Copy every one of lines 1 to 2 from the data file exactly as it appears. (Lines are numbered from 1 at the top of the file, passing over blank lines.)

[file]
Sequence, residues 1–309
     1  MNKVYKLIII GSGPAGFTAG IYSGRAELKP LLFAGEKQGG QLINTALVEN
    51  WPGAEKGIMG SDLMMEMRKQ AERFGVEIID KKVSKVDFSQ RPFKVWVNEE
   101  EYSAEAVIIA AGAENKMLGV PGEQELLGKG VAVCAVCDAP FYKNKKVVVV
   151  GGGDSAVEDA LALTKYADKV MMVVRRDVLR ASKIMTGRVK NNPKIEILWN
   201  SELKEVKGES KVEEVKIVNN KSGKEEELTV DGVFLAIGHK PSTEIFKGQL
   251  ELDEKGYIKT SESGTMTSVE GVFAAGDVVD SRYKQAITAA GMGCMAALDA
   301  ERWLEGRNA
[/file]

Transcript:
Sequence, residues 1–309
     1  MNKVYKLIII GSGPAGFTAG IYSGRAELKP LLFAGEKQGG QLINTALVEN